IL_004d:  nop
  IL_004e:  ldarg.0
  IL_004f:  ldarg.0
  IL_0050:  dup
  IL_0051:  ldvirtftn  instance void WindowsApplication1.Form1::Form1_Load(object,
                                                                           class [mscorlib]System.EventArgs)
  IL_0057:  newobj     instance void [mscorlib]System.EventHandler::.ctor(object,
                                                                          native int)
  IL_005c:  callvirt   instance void [System.Windows.Forms]System.Windows.Forms.Form::add_Load(class [mscorlib]System.EventHandler)
  IL_0061:  nop
  IL_0062:  nop
  IL_0063:  ret
} // end of method Form1::.ctor

Notice two identical blocks of code around IL_000b and IL_0051. I think it's just syntactic sugar.

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could you just use the second quote in the comment for highlight '... lots of lines here ADD > ' –  serhio Jan 18 '10 at 10:58

I find that dynamically attaching/detaching event handlers is only of use where you have a long-lived object exposes events that are consumed by many short-lived objects. For most other cases the two objects are disposed around the same time and the CLR does a sufficient job of cleaning up on its own

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I manually attach handlers when I manually create controls (for example, dynamically creating a TextBox for each database record). I manually detach handlers when they are handling things I'm not quite ready to handle yet (possibly because I'm using the wrong events? :) )

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Thanks for the insight. I started to do this same process, and it is making my code cleaner as well as helping to understand the flow of the application. –  joek1975 Sep 17 '08 at 15:35

Declaring a field as WithEvents will cause the compiler to automatically generate a property with that name. The getter returns the value of a backing field. The setter is a little more complicated. It first checks whether the backing field already has the correct value. If so, it exits. Otherwise, if the backing field is non-null, it issues "RemoveHandler" requests for all its events to the object identified by the backing field. Next, regardless of whether the backing field was non-null, it sets it equal to the requested value. Finally, if the new value is non-null, whether the old one was or not, the property issues "AddHandler" requests for all its events to the object identified by the new value.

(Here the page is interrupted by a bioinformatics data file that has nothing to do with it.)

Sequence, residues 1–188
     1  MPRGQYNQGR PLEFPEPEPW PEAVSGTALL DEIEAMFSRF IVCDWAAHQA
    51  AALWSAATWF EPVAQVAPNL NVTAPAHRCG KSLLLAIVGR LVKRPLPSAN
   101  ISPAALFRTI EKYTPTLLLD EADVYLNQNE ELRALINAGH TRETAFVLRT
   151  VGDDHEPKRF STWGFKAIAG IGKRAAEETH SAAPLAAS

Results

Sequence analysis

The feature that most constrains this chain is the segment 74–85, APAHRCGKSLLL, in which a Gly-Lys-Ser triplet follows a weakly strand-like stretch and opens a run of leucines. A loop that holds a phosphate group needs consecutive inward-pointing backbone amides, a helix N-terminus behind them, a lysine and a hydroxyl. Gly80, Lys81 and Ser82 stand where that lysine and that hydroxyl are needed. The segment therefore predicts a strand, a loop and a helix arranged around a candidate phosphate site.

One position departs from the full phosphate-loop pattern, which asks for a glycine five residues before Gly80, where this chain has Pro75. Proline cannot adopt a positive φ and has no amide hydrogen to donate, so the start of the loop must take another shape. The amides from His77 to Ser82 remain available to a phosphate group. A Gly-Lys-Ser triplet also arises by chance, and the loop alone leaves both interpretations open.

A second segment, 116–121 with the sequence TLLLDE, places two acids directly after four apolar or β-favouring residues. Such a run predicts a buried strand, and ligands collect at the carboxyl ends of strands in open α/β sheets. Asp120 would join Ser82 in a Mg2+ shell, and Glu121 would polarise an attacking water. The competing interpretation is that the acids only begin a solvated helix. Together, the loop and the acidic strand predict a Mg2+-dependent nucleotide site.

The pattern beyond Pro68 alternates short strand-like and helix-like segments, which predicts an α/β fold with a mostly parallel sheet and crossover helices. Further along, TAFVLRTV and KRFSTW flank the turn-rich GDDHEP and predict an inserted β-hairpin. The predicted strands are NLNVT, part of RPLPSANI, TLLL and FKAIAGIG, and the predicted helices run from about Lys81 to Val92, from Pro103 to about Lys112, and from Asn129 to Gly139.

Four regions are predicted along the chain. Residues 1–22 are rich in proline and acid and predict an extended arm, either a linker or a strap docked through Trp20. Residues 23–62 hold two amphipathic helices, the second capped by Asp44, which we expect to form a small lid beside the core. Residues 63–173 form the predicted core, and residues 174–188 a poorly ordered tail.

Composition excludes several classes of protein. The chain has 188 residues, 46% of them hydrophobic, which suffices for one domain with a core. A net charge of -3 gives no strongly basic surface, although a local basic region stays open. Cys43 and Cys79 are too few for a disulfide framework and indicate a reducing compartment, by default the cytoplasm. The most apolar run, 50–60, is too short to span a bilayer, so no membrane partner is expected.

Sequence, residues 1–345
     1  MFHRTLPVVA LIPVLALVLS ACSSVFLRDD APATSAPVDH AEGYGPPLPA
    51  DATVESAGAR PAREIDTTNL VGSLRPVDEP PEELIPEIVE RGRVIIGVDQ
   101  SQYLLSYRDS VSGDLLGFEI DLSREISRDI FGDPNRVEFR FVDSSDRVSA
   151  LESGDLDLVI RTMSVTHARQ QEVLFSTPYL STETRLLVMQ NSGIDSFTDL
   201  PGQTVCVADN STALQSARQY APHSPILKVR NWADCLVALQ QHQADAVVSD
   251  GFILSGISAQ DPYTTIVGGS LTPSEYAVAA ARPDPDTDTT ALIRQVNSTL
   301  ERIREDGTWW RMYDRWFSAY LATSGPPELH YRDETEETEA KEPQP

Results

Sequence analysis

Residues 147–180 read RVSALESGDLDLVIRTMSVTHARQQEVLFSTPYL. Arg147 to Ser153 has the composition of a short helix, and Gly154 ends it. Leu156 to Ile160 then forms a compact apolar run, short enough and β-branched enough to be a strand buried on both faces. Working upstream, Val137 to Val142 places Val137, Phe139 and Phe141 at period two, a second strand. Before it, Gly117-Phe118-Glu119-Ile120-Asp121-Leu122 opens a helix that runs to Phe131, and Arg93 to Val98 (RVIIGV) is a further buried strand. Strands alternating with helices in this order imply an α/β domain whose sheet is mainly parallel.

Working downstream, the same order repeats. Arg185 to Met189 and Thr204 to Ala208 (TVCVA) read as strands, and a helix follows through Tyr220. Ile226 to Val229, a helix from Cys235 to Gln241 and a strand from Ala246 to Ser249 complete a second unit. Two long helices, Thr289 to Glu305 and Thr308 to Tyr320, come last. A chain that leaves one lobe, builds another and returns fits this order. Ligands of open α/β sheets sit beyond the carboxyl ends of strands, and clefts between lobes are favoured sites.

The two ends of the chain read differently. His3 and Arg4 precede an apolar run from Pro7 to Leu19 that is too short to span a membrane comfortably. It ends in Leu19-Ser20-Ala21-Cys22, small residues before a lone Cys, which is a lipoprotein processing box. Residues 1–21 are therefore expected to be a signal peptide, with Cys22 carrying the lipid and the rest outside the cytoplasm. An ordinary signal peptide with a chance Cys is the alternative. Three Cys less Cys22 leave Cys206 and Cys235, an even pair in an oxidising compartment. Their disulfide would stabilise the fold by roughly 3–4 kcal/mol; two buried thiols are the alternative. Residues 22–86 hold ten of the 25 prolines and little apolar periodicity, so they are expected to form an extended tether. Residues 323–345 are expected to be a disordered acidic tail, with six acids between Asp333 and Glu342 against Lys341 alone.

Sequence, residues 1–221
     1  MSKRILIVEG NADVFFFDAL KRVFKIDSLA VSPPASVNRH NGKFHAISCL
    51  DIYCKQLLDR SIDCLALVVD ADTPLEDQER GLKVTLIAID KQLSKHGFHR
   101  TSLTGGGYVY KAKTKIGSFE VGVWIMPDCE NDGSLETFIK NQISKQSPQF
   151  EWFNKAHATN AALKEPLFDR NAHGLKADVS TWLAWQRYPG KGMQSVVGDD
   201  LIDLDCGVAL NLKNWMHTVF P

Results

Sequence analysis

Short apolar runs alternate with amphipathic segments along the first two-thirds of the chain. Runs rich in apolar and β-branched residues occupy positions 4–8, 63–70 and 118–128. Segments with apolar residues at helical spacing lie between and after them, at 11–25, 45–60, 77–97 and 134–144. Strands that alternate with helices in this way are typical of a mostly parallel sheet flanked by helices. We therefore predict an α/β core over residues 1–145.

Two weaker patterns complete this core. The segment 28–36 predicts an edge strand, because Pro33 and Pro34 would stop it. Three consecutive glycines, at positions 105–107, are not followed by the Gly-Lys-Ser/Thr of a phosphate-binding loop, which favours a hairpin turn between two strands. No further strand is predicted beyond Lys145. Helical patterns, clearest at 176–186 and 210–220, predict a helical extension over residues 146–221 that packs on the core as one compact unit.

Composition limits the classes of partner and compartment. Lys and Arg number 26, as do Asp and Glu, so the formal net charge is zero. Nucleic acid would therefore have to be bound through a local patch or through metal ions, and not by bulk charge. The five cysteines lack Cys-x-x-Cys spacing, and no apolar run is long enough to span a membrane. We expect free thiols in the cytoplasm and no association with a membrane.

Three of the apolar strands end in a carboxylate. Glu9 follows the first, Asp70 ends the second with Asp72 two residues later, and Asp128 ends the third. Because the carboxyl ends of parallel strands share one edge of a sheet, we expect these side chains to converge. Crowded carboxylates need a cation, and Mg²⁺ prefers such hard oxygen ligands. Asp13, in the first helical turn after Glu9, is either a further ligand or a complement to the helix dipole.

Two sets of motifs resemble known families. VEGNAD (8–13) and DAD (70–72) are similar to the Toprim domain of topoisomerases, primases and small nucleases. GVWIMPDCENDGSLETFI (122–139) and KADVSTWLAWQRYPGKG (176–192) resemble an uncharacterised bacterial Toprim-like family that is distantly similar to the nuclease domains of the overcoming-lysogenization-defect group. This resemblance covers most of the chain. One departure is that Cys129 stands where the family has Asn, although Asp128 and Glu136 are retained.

Provided that one sets all of an object's WithEvents members to Nothing before abandoning it, and avoids manipulating WithEvents members in multiple threads, the auto-generated event code will not leak.

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Manually detaching an event can be important to prevent memory leaks: the object that connects to an event fired by another object, will not be garbage collected until the object that fires the event is garbage collected. In other words, an "event-raiser" has a strong reference to all the "event-listeners" connected to it.

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Most of the the time the framework takes care of that for you.